I’m pleased to announce that my book Dreaming of Dixie: How the South Was Created in American Popular Culture is coming out in paperback. You can pre-order now through UNC Press for the book’s release in August. Fun reading and great for classes!
News recently broke that George Jones, whose distinctive voice and behavior made him a legend in country music, died today at the age of 81. I have fond memories of listening to his music with my Maw Maw Crum back in West Virginia. His nicknames “the possum” and “No Show Jones” hinted at his looks and the impact his alcoholism had on his performances. Yet no one can dismiss his unique voice or his impact on country music. Rest in Peace, George Jones.
Celebrity culture is an interesting phenomenon. We come to know a celebrity’s public persona and many people assume they “know” the person. And in some cases, the celebrity assumes that “the people” know him or her.
Enter Reese Witherspoon, or better yet a drunk Reese Witherspoon, whose celebrity persona is “America’s sweetheart.” Except that this past week the nation learned something about her true personality when, while driving in Atlanta, her husband James Toth was pulled over and arrested for drunk driving. She was in the passenger seat and instead of keeping calm and letting the officers do their job she got out of the car to announce to the officer “Do you know my name?” This was followed by “You’re about to find out. . .” Blah, blah, I’m an entitled Hollywood actress who should get special treatment and I have lawyers. Um, Reese, this is being videotaped.
Since this is a blog about the South, I wonder why it is that southern women often get the title of “America’s sweetheart?” We’ve had Mary Lou Retton (West Virginia), Julia Roberts (Georgia), Taylor Swift (from rural Pennsylvania–also known as North Alabama–and in country music she might as well be from the South), Britney Spears (Louisiana) and Reese Witherspoon (Tennessee). There have also been a number of beauty queens from the South who’ve won Miss America.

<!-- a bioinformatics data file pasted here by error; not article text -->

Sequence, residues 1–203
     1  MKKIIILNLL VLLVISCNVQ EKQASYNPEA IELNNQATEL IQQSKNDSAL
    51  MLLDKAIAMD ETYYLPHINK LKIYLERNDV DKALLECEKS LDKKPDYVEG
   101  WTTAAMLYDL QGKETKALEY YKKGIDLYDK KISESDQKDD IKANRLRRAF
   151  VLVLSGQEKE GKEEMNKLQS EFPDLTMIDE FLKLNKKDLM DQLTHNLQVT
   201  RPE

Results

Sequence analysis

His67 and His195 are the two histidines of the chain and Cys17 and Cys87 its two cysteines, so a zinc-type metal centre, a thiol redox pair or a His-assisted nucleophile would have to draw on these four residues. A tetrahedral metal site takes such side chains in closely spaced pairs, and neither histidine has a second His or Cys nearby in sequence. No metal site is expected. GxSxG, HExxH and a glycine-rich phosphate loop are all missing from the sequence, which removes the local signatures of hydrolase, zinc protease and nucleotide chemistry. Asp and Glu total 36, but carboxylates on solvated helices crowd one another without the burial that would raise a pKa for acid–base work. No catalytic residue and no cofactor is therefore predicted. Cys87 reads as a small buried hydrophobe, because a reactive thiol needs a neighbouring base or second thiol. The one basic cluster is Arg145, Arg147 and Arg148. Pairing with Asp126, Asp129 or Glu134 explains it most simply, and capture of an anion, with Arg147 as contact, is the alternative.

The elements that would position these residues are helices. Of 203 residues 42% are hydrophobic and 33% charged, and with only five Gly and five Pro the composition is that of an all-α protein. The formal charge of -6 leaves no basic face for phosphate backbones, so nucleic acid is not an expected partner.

I have a theory that white southern women who supposedly exhibit a certain feminine innocence and charm, not unlike the southern belles of old, are still held up as models of femininity for the nation. Even if their private behavior isn’t innocent, very often their public personas suggest that they are well-behaved, models of traditional womanhood. So, when they show their human frailties (Britney Spears) or that they aren’t sweet at all (Reese Witherspoon) it seems like they’ve taken a big tumble from their pedestals. Except they shouldn’t have been placed there to begin with. It’s a precarious perch and they were bound to fall.
It is inherently problematic to assign southern women the title of “America’s sweetheart.” Southern women are not the mythic creatures of traditional femininity, nor do they embody the behavior that Americans and the media continue to portray them as having. They are, like other American women, fallible human beings who can sometimes behave poorly.
I’m pleased to be able to participate in the annual Historic Natchez Conference this week from Wednesday, April 17 through Saturday, April 20th. The focus of the meeting is “Civil War to Civil Rights.” I’ll be speaking about my new project about a murder case that made national headlines in 1932. It’s known locally in Natchez as the “Goat Castle Murder.”
William C. Davis, professor of history at Virginia Tech, is giving a keynote address. He is the author of Look Away! A History of the Confederate States of America (2003).
The conference will be headquartered at the historic Eola Hotel. As with many small towns with nary an airport in sight, folks there know how to show people a good time.
If you ever get to visit Natchez, you should. As they say there, “Natchez is in this world, but not of it.” Seeing is believing.
On April 1st, Shain Gandee, one of the breakout stars of MTV’s “Buckwild” died along with his uncle and a friend. After going mudding, Shain’s truck became stuck in the mud so deep that the tailpipe on the muffler became clogged. Because it was cold that evening (and perhaps they had been drinking), the three men probably turned on the heat and fell asleep, and subsequently died of carbon monoxide poisoning.